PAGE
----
A WOMAN IN BERLIN: EIGHT WEEKS IN THE CONQUERED CITY

Reviewed by Nina Renata Aron

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A Woman in Berlin could be a figment of a historian's imagination, so neatly and thoroughly does it satisfy curiosity about a moment in time. The anonymous journal of a thirty-four-year-old German journalist, A Woman in Berlin documents the final days of the Second World War, when Soviet troops took the city and, according to this account, began to claim their spoils.

This is, inescapably, a journalist's journal. In the midst of violence and tumult, the author's preoccupation with factual reportage characterizes all of her written perceptions, and each entry represents a careful and contained documentation of who's, what's, where's, and when's. In this way, the journal possesses a certain degree of detachment. The writer relays harrowing stories, but does not extrapolate from them the heavy moral or allegorical meanings the contemporary reader may be inclined to.

Though A Woman in Berlin exposes the battered and confused state of the German psyche in the year 1945 (there is pervasive cynicism, gnawing fear, and rampant talk of betrayal by the Fuhrer), the journal is, above all, a catalog of rape. The author struggles throughout to cope with the shame and physical pain of enduring repeated rapes herself, but more importantly, she offers the reader a privileged and excruciating view of the support mechanisms created, out of grim necessity, by the city's women. In the schizophrenic environment of wartime Berlin, the "collective experience" of rape was a great leveler. The subject was promptly de-stigmatized by women who needed the therapy of collectivity, whose psychological survival suddenly depended largely on empathic exchange with others who shared their experience.

It is unlikely that the anonymous woman in Berlin intended to craft the kind of indictment of militarized masculinity she manages to. But like a horror movie, in this tale, predatory masculinity lurks around every corner, in every stairwell and every abandoned apartment. Drunk on rationed vodka, prideful at being the victors, or often merely bored, the Soviet troops perpetrated, however unsystematically, a campaign of horror on German women. Just a few days after their arrival, merely walking a few blocks without being attacked seemed a considerable achievement. One mother locks her daughter, a teenaged virgin, in a cramped attic space to protect her from certain assault.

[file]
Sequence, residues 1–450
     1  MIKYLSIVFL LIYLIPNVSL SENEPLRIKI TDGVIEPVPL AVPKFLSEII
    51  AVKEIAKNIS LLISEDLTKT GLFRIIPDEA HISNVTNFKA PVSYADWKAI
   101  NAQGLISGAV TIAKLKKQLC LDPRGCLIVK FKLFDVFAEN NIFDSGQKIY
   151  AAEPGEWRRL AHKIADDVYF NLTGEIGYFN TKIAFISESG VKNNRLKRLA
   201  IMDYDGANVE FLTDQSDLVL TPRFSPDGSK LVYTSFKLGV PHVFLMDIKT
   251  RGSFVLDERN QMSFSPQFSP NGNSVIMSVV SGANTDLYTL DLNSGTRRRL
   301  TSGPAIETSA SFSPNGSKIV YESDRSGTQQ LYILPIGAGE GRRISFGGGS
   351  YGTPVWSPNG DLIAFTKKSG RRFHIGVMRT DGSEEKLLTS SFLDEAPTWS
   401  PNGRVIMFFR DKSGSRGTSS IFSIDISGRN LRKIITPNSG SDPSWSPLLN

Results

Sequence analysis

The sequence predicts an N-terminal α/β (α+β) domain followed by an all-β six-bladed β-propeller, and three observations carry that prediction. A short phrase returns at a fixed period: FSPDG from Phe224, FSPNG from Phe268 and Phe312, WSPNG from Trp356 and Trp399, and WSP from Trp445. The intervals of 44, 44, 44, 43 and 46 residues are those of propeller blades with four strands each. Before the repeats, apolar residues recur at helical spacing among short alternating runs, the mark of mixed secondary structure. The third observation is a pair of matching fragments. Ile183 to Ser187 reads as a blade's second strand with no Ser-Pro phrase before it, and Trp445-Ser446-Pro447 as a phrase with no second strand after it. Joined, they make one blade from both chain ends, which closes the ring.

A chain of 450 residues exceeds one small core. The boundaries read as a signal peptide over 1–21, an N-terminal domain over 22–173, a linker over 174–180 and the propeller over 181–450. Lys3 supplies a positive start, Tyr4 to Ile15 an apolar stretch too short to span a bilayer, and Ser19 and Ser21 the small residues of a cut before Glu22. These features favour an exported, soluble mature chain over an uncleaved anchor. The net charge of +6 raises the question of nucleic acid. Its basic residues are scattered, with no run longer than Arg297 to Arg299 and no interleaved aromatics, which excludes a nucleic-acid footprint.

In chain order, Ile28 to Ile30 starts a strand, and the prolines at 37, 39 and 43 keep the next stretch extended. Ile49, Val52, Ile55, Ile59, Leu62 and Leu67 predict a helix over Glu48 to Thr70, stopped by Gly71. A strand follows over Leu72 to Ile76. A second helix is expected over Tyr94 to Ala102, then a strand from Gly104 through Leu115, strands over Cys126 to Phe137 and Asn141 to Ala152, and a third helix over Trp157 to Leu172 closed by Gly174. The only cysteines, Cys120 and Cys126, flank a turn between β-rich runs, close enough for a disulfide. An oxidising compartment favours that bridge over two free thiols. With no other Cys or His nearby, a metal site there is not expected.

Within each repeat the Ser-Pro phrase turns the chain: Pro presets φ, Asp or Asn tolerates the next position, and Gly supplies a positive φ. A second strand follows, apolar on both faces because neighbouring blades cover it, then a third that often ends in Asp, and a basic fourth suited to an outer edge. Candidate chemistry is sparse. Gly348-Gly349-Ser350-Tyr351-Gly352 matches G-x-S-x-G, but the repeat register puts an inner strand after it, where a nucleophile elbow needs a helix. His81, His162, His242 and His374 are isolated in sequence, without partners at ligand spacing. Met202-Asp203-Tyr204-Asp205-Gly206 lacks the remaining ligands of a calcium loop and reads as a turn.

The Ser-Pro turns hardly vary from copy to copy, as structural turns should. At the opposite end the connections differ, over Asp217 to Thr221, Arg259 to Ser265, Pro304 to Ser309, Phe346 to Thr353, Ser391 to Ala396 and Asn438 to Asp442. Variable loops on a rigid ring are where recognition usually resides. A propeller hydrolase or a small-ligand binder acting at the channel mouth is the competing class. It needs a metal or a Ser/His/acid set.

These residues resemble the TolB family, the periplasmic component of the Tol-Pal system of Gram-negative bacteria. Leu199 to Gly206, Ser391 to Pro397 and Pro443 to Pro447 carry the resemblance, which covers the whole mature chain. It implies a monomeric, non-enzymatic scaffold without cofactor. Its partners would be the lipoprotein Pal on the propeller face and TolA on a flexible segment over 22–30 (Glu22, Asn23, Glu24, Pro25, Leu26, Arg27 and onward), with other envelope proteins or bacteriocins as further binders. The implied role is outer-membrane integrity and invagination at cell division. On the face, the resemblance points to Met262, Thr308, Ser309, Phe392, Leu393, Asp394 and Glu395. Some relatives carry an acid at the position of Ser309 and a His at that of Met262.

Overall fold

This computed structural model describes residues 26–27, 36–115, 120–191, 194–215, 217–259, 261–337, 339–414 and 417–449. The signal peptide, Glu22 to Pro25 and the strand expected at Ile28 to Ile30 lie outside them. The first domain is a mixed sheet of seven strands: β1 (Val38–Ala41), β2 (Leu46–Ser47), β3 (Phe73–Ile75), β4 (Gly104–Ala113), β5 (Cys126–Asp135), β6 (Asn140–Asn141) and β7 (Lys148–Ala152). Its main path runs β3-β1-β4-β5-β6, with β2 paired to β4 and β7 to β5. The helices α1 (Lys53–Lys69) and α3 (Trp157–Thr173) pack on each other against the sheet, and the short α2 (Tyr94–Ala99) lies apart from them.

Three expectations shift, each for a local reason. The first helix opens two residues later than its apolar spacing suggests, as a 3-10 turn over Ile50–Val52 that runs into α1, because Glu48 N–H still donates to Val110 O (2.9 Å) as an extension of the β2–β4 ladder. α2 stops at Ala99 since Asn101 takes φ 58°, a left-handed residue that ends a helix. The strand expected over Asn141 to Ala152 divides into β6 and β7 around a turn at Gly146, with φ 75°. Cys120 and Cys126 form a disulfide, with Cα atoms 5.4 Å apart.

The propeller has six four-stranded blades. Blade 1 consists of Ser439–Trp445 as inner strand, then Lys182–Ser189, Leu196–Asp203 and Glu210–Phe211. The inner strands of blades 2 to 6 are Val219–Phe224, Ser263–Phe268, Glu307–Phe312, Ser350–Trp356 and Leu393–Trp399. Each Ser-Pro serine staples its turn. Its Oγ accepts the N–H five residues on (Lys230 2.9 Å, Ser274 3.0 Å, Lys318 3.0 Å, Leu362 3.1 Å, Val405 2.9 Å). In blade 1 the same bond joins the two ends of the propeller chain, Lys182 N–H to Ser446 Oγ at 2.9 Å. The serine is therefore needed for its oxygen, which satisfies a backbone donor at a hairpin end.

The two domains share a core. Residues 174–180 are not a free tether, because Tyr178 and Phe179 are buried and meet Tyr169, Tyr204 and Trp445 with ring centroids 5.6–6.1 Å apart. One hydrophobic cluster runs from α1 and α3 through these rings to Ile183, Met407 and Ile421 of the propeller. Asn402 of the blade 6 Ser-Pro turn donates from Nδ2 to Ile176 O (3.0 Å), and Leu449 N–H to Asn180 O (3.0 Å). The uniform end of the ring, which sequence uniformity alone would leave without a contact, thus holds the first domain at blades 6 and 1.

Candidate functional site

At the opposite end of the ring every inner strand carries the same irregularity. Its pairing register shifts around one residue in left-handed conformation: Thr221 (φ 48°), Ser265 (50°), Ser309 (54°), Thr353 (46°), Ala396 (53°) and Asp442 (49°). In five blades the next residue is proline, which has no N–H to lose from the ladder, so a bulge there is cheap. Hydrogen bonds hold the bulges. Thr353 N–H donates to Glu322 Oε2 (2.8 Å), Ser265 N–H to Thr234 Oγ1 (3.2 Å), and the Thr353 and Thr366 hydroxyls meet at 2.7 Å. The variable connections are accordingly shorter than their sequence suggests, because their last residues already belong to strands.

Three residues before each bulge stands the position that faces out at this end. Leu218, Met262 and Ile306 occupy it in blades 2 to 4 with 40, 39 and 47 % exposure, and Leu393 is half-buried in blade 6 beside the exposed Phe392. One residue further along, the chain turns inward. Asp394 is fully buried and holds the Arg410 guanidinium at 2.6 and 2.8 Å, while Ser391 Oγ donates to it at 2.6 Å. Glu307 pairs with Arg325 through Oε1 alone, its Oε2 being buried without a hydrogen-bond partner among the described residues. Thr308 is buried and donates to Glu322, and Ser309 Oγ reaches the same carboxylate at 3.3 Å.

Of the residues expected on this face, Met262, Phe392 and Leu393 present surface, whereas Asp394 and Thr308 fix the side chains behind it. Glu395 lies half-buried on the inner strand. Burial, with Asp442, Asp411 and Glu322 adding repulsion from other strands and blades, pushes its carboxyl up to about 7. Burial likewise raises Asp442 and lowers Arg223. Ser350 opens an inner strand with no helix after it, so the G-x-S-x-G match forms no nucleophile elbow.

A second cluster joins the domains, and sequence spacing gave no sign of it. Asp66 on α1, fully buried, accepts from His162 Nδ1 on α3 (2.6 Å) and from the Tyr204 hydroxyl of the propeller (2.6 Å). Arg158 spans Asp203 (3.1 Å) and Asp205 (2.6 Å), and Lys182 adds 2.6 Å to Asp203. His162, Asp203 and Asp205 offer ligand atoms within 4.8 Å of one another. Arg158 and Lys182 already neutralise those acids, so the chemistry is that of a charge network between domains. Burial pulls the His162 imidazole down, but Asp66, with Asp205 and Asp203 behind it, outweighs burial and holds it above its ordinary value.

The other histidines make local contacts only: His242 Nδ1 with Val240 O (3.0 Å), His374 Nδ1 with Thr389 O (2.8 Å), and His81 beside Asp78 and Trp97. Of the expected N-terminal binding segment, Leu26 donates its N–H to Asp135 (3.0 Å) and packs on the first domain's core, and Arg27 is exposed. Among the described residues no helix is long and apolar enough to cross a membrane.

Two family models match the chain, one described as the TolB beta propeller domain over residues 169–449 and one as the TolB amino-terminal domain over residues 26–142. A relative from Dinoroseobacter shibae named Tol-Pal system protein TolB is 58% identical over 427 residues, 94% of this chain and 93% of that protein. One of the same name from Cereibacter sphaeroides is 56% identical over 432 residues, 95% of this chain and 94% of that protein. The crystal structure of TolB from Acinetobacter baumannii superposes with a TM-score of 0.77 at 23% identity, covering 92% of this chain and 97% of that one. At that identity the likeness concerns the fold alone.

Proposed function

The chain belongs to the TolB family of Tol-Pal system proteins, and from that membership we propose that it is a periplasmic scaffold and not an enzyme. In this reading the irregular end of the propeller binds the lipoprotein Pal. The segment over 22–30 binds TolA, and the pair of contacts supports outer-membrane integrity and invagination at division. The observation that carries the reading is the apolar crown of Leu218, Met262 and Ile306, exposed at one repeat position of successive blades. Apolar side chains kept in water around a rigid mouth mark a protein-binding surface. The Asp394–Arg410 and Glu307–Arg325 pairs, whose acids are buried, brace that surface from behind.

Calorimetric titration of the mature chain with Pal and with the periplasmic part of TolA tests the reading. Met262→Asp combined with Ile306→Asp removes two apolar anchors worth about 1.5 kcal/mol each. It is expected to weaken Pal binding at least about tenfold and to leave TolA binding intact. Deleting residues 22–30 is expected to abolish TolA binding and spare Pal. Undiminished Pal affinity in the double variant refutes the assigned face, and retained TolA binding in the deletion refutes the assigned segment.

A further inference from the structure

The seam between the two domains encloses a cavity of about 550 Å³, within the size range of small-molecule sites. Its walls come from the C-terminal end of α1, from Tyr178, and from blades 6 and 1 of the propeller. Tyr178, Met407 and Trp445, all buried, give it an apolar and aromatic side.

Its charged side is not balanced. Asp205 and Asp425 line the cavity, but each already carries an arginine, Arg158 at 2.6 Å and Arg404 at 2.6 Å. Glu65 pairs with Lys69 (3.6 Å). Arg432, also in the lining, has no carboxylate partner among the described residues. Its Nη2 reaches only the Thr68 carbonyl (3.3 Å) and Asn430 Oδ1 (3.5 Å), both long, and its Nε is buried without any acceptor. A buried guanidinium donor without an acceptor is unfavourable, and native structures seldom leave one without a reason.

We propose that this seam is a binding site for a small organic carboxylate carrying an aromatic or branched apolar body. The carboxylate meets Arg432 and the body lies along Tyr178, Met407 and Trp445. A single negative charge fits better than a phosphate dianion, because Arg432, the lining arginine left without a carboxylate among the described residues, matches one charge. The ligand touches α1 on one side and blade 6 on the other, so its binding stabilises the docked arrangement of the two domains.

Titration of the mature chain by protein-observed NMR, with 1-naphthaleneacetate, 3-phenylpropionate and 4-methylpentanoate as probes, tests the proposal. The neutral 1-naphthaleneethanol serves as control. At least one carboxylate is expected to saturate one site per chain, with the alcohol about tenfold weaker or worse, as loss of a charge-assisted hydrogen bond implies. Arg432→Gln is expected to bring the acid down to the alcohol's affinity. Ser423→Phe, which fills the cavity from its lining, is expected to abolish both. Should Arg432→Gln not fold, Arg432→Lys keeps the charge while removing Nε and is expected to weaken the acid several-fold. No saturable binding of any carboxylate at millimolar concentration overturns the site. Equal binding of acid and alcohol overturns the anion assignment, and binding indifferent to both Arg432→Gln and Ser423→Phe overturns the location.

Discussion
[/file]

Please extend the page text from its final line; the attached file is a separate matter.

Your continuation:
The Russian men, called "Ivans" by the Germans, appear either hardened and soulless, or childlike, committing acts of brutality against women in order to impress their comrades or prove themselves. As for German men, the war demotes them to mere objects of female pity. "Deep down," the journalist writes, "we woman are experiencing a kind of collective disappointment. The Nazi world-ruled by men, glorifying the strong man-is beginning to crumble, and with it the myth of '"Man.'"

In our cultural accounting of World War II, narratives that expose acts of brutality committed against Germans have not been privileged. In fact, it is hard not to be struck while reading A Woman in Berlin by just how new this particular sympathy feels to those of us who've been reared on a diet of American war movies and history textbooks. The questions this journal raises, however, are broader and farther reaching. World War II is arguably the most ruthlessly chronicled subject in modern history, and yet there continue to be very few efforts to reckon honestly with German victimhood in general, and the mass rape of German women in particular. A Woman in Berlin, if not a model of writerly ingenuity, written as it was in rare moments of relative calm, should at the very least demand that we reinvestigate our understandings of World War II, and of the use of rape as a weapon of war and terror.